Speaking of cutting, that’s another major part of the Lhasa Apso’s maintenance routine. You’ll first have to decide if you want your dog to have a puppy cut or longer fur like a show dog.
For the former, the length of the hair should be about two inches. Since Lhasa Apsos have a longer hair turnover cycle, you can get away with trimming the fur into a puppy cut about monthly, maybe more frequently.
Do you want your Lhasa Apso to look like a proper show dog? Atop this breed’s head is an area of fur known as the fall. Since the fur can cover their eyes if it’s allowed to get too long, you’ll have to style it regularly and trim it on occasion.
The proper way to style the fall is to part it straight in the middle and comb either side away from your dog’s eyes. Then, when your Lhasa Apso isn’t competing, you can take the fall and put it in a bow or a topknot.
Nearer the bottom of the dog’s body, you’ll have to trim often, so your Lhasa Apso doesn’t trip over itself. Some dog owners use an electric clipper to remove excess hair near the bottom of the dog’s feet.
To keep your Lhasa Apso looking neat for its dog show, you can try wrapping its fur. This involves you taking sections of its fur, covering the hair in dog grooming oil, and then shrouding the area in rice paper with rubber bands.
Wrapping might sound strange, but it’s practical. The wrapped areas of fur can’t get knotted or dirty.
Weekly, you should unwrap the fur, clean it, brush it, and wrap it again if you so choose.
Another way to keep the Lhasa Apso clean is by bathing him. You’ll need to do this monthly. If your dog mostly stays inside, then you can wait six weeks.
If you want to see how proper Lhasa Apso grooming is done, check out this video:
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Is a Lhasa Apso Right for You?
Are you debating whether you should adopt a Lhasa Apso? Then, let this section be your guide!
The Lhasa Apso is a mid-sized dog from Tibet. The name Lhasa comes from Tibet’s capital city, while Apso might mean one of several things. Some experts think the translation is “bark-guard,” others “billy goat,” and others still “goatee.”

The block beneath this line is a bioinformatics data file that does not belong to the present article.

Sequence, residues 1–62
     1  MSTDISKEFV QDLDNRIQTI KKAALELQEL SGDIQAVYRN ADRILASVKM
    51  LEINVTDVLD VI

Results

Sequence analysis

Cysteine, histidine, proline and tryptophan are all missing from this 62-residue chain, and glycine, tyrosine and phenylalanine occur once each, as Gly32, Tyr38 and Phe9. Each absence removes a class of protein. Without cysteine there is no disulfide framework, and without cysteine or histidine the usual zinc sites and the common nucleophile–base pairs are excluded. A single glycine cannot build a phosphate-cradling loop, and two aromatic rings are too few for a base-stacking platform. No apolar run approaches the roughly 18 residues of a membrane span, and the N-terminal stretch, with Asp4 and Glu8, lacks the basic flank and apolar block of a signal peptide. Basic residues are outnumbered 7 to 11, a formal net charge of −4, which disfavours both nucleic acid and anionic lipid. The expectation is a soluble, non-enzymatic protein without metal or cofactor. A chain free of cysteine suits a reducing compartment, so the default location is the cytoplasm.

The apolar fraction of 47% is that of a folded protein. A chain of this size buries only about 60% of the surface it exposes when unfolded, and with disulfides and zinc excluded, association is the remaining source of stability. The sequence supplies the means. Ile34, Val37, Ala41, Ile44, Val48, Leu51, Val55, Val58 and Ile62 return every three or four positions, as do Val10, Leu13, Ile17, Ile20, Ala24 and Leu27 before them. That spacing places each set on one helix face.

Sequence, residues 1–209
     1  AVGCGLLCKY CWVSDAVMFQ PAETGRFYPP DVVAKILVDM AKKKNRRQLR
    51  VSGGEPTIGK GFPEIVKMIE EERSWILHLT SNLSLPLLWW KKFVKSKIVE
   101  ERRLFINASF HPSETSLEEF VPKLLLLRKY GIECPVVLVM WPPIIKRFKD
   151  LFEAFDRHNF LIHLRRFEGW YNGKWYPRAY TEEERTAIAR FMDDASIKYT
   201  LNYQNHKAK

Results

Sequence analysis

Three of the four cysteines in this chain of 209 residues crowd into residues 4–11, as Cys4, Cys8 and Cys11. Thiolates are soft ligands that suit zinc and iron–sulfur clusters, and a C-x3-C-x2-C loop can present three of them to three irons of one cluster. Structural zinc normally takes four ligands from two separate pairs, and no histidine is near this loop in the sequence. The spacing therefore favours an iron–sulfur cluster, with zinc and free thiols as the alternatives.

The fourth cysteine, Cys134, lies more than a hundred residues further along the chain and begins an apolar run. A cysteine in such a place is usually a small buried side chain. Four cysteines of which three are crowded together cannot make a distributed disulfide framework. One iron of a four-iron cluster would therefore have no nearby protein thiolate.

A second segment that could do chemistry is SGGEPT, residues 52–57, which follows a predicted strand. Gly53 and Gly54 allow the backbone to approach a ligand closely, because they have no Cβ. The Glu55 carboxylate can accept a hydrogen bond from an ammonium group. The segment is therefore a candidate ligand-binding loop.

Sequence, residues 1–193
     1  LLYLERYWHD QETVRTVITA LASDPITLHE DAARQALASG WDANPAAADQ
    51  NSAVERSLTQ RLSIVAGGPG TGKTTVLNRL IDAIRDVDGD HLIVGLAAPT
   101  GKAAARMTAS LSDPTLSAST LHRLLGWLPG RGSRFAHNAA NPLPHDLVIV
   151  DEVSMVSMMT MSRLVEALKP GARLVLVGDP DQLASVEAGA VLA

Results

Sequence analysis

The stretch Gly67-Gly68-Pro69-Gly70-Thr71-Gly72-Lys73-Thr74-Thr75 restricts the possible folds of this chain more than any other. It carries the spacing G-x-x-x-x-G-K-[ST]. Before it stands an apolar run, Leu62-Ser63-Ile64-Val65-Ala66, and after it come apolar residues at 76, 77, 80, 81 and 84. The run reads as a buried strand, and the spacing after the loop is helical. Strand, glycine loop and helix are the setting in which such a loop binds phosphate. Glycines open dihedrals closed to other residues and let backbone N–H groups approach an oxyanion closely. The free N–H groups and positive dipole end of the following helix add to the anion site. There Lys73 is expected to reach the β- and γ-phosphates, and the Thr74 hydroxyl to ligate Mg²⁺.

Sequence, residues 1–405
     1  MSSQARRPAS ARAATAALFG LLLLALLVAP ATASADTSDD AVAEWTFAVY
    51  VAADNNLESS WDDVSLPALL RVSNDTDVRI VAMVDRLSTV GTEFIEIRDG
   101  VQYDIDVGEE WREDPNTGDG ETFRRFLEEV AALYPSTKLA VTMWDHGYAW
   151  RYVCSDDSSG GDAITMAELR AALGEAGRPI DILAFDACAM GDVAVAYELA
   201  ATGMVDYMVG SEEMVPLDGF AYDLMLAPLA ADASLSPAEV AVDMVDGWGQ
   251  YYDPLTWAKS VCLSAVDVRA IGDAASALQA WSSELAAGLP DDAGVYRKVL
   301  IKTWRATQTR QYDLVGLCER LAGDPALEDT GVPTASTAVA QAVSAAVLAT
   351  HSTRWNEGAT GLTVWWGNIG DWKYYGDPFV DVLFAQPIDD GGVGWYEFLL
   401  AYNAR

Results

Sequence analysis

All names make sense. The Lhasa Apso, first bred in Tibet early in the 20th century, came from United Kingdom military members. The dog was regarded at the time for its guarding abilities.
The other names probably refer to the long coat of this breed.
What kind of personality does the Lhasa Apso have? The American Kennel Club describes this breed as funny, confident, and smart, so you’d certainly have a personable dog!
In maturity, the Lhasa Apso stands 11 inches tall and weighs up to 18 pounds, so it’s suitable for apartment life. Another perk for apartment dwellers is that the Lhasa Apso can exercise itself, such as running around the apartment when you’re not home.
It would be best if you still took the time to exercise your dog daily. At the very least, a walk around town suffices. The Lhasa Apso is very gifted in such areas as herding, retrieving, and scent work, so see what your dog can do!
The Lhasa Apso can be friendly with other dogs, especially when socialized with canines from a young age. However, introducing an older Lhasa Apso to another dog might not go as smoothly.
The same goes for feline friends: socializing the Lhasa Apso with cats when the dog is young will keep your kitties safe.
As a watchdog, the Lhasa Apso won’t bark at every little thing, only when he wants you to pay attention. Its bark is described as loud and sharp, so it’s hard to miss.
The Lhasa Apso is a mid-sized guard dog from Tibet that grows long, beautiful fur. The slow turnover rate of the hair prevents this breed from shedding excessively, and daily grooming can help keep the shedding to a minimum.
Looking adorable with a puppy coat or regal with long hair, the Lhasa Apso is a sweet, friendly dog that will make you and your family feel more secure. This breed could be just what you’ve been looking for!